The province has stepped up with $12 million over three years in support of the 10-year-old BC Farmers Market Nutrition Coupon Program.
The funding, announced by Health Minister Adrian Dix at the Kitsilano Farmers Market on June 5, will average $4 million a year. This is an increase from $2.25 million three years ago, and will support the program’s expansion into five new communities and address waiting lists for access to the program.
The province expects the coupon program to benefit more than 8,824 households in 2022, reaching approximately 24,656 individuals. These will include an additional 1,750 senior households, who will benefit from an additional $1 million in funding per year.
Participating households receive $27 worth of coupons per week for 16 weeks, a $6 increase from last year. The coupons can be used at markets that are members of the BC Association of Farmers Markets, which administers the program.
Dix also announced the expansion of the program to include honey in addition to fresh fruit, vegetables, dairy, eggs and meats as well as food-bearing plants.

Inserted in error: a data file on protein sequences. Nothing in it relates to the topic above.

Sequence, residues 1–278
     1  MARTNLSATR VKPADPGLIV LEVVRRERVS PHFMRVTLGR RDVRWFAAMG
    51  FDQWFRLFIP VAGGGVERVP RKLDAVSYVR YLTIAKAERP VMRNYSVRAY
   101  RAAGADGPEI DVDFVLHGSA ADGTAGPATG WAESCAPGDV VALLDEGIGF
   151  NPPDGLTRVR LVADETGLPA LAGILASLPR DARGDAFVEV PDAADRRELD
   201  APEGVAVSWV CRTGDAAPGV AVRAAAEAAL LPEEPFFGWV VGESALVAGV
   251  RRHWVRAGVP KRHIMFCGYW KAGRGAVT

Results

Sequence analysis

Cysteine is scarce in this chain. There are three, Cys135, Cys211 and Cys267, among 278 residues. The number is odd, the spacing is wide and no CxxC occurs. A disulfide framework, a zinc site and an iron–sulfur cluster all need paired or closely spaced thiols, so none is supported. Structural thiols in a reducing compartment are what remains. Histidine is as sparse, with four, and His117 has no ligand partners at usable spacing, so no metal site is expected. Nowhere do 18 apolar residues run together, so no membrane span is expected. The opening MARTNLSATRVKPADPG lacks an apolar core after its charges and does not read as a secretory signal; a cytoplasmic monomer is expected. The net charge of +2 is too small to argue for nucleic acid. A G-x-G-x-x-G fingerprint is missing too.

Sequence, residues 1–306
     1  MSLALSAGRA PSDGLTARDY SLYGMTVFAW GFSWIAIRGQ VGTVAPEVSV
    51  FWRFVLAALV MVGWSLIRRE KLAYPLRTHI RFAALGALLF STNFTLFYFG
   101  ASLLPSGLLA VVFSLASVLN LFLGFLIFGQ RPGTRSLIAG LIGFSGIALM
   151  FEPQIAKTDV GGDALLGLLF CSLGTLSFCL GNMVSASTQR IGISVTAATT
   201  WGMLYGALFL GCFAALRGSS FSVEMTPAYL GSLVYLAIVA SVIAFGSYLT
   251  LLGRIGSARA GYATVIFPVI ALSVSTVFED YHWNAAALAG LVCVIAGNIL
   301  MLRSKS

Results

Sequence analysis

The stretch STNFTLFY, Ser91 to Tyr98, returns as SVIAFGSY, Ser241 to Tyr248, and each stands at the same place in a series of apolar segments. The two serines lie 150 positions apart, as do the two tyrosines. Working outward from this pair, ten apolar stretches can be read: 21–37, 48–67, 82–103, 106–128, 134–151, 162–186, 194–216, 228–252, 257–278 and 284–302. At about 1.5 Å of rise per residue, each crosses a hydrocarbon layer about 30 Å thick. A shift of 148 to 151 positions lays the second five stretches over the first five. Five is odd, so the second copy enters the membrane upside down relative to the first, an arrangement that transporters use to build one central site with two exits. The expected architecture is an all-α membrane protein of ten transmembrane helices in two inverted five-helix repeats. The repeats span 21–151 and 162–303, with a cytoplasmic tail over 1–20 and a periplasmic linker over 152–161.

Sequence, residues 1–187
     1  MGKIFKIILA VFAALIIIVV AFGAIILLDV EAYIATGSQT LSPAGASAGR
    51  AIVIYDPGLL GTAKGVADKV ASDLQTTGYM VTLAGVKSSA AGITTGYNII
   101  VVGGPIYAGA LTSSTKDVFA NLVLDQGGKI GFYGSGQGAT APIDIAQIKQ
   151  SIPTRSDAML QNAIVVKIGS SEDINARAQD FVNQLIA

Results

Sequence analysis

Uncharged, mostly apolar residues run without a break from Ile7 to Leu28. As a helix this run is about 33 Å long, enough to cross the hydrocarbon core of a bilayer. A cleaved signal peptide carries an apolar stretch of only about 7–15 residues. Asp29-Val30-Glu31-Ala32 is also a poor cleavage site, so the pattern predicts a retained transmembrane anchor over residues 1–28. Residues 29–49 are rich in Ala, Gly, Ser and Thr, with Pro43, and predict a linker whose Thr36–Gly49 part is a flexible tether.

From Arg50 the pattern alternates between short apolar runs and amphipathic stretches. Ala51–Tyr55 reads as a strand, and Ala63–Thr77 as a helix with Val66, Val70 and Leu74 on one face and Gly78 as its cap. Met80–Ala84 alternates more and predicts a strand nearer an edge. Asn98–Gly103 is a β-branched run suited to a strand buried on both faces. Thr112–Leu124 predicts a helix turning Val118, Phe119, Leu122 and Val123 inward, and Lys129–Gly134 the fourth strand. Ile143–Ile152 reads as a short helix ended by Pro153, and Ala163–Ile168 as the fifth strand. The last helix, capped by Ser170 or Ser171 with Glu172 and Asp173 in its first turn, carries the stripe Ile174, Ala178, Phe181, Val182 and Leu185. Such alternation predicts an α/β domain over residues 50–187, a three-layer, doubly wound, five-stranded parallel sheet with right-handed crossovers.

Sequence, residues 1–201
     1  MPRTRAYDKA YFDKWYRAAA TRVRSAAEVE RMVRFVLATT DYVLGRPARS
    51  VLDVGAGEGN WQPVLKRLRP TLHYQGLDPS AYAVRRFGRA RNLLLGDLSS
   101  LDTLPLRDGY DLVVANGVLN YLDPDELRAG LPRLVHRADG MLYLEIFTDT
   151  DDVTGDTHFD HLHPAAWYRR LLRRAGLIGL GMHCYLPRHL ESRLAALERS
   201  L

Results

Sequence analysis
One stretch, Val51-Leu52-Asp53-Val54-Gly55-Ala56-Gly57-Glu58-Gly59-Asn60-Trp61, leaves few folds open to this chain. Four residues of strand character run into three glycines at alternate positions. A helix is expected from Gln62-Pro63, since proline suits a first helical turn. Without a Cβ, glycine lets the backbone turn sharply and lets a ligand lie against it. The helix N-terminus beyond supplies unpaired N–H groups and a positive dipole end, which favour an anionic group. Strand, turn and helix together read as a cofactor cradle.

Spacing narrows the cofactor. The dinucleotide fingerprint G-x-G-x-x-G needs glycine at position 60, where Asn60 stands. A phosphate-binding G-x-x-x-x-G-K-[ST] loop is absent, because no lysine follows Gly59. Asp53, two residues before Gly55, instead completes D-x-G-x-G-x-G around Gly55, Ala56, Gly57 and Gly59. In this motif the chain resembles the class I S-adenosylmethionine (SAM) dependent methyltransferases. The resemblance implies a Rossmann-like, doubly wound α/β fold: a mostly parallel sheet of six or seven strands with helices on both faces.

While funding for the program is through the health ministry, Dix was joined by provincial agriculture minister Lana Popham, who praised the program for its contribution to food security.
“By supporting increased participation in the program for those who need it most, we are helping more people become food secure while also strengthening our provincial food system and local food economies,” she said.
Approximately 1,000 farm vendors participate in markets where the coupons are used.
The funding comes as rising food costs begin to bite. A new survey for Food Banks Canada by Mainstreet Research indicating that 23% of Canadians are eating less than they should due to rising food costs.
With this spring being the coolest since 2010, and drought squeezing California growers, many expect dramatic increases in fresh produce. According to Statistics Canada, food prices were up 9.7% in April versus a year earlier, the largest increase since 1981.
The funding for the coupon program doesn’t just benefit consumers and vendors. It has also been an asset for the BC Association of Farmers Market, which administers the program. The funding has served as an anchor for the association, allowing it to undertake far more than it could without that underpinning.
The association will hold its annual conference this year in New Westminster, November 2-4.